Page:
• Luca Muratore

Student thesis: Phd


The widespread use of robotics in new application domains outside the industrial workplace settings requires robotic systems that demonstrate functionality far beyond that of industrial robotic machines. The implementation of these additional capabilities inevitably increases the complexity of the robotic platforms at the hardware, control and application software level. As a result the complexity of today's robots targeting new applications in partially unstructured environments has reached a noticeable extent, e.g. such robots typically consist of a large number of actuators, sensors, and processors communicating through several interfaces. These emerging applications involve complex tasks that also vary and have to be carried out within a partially unknown environment requiring advanced capabilities with respect to system autonomy and adaptability, which further increases the intricacy of the system software architecture creating an additional challenge on the development of robotic software. The selection among the available software middlewares is not an easy task for the research community as well as for companies interested in exploiting them. A software framework that targets to enable the above described applications, should provide Real-Time (RT) performance with minimum jitter at relatively high control frequency (e.g. 1 kHz) for the low-level, code reuse, hardware abstraction layer, interoperability with existing frameworks, robustness and small footprint. Moreover a robotic software middleware has to be able to assure cross-robot compatibility, in the sense that it should be possible to use it with any robot, without code modification, but only changing a set of configuration files. A software architecture with the above performance features would lead to the possibility of effectively running autonomous and semi-autonomous skills on-board the robot. This is essential for application domains such as logistics, robot companions in houses and offices and co-workers in industrial, manufacturing and construction spaces, which require Human-Robot Collaboration (HRC), either sharing the same workspace or in a remote teleoperation scenario. The architectures and limitations of the existing frameworks are first studied and discussed in this thesis. A novel software architecture for robotics called XBotCore is then introduced in details and its experimental validation on different robotic platforms, from industrial manipulators, to humanoids, to quadruped robots is demonstrated and discussed. Having developed the core of the software architecture, this thesis then introduces a state-of-the-art multimodal (verbal, motion, force) tele-interaction control framework. Motivated by biological findings, the framework is capable to deal with the uncertainty of the interaction forces by exploring an online autonomous impedance regulation principle to adapt to payload or interaction forces variations. In the experimental trials performed, the efficacy of the individual components of the framework was proofed, with focus on the autonomous impedance regulator for force interaction; moreover the overall multimodal tele-interaction framework was validated for a human-robot collaboration task scenario that involves carrying and transporting a heavy object with a humanoid robot. However, the limitation of the on-board computational power installed on the robotic systems represents a significant barrier for their deployment in emerging applications within human working and domestic spaces, which eventually compromises their application. An approach to address this issue is to exploit the cloud computing, cloud storage, and other Internet technologies to benefit from the powerful computational, storage, and communications resources of modern data centers. In this regard, the present thesis illustrates the XBotCloud framework, which extends the XBotCore by providing the tools and mechanisms to enable users and robots to securely exploit the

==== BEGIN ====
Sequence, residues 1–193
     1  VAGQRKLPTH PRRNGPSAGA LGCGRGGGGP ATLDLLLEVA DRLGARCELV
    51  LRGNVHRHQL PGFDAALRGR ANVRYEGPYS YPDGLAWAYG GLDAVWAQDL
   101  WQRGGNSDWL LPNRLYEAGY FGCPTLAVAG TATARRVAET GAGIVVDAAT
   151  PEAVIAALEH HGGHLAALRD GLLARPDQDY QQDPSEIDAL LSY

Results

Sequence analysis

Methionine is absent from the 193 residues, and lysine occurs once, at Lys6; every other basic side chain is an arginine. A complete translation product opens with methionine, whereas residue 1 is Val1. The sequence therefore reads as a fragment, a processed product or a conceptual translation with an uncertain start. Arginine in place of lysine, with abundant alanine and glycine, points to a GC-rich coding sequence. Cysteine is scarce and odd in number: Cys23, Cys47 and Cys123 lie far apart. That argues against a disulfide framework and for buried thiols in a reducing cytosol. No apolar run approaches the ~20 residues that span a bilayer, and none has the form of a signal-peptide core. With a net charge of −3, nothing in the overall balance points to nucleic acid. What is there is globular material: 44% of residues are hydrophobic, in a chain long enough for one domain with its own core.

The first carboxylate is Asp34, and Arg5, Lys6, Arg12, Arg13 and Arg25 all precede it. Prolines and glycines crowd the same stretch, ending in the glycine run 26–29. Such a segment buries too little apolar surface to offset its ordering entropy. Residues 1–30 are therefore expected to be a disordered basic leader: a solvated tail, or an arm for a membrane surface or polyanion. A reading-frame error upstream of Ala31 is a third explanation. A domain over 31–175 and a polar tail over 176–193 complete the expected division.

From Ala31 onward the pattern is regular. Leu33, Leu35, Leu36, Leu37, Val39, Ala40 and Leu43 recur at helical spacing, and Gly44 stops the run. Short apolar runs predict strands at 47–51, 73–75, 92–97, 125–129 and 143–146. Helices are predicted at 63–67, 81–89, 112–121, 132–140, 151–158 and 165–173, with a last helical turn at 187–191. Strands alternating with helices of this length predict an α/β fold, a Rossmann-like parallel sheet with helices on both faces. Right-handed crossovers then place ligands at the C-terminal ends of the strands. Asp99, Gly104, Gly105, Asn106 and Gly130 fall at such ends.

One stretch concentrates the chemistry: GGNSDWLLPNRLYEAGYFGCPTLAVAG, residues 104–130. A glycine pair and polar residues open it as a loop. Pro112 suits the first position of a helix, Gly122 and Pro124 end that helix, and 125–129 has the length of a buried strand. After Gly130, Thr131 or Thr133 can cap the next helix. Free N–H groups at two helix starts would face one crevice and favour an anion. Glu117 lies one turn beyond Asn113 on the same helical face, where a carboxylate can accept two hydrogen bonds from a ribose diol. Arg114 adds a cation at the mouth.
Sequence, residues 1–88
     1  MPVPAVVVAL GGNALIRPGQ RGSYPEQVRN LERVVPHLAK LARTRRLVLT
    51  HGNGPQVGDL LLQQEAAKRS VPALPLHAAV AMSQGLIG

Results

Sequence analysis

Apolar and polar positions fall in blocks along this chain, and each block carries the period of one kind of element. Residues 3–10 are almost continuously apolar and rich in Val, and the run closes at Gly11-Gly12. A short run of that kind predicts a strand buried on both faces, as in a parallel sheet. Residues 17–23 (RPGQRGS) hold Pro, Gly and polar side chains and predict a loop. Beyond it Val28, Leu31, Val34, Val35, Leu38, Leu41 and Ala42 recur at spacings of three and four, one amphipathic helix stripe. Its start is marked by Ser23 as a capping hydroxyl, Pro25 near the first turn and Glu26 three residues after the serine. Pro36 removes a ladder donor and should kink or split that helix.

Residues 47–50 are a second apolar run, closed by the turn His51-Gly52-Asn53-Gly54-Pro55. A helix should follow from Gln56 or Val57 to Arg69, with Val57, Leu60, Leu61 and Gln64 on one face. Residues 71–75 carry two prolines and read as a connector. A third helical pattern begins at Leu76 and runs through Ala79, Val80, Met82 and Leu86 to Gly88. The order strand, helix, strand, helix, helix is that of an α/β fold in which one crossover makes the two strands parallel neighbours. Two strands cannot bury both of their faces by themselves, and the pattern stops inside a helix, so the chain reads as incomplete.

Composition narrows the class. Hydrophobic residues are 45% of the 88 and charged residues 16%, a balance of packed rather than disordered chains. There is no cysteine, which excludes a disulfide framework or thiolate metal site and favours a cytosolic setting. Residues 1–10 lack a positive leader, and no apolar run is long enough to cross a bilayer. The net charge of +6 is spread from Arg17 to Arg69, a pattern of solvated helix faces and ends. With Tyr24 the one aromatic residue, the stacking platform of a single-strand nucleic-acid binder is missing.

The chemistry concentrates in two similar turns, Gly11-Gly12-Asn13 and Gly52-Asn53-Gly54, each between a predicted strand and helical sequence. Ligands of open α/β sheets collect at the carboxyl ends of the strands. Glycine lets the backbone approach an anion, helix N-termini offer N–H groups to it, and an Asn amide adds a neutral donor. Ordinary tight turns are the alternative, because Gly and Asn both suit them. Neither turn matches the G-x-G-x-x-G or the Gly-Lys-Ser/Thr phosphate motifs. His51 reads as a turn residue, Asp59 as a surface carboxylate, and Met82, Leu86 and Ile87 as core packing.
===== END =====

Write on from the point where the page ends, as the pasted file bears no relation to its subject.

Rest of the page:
Date of Award1 Aug 2020
Original languageEnglish
Awarding Institution
  • The University of Manchester
SupervisorSimon Watson (Supervisor) & Barry Lennox (Supervisor)


  • Telerobotics
  • Human-Robot Collaboration
  • Cloud Robotics
  • Humanoid Robotics
  • Software Architecture for Robotics

Cite this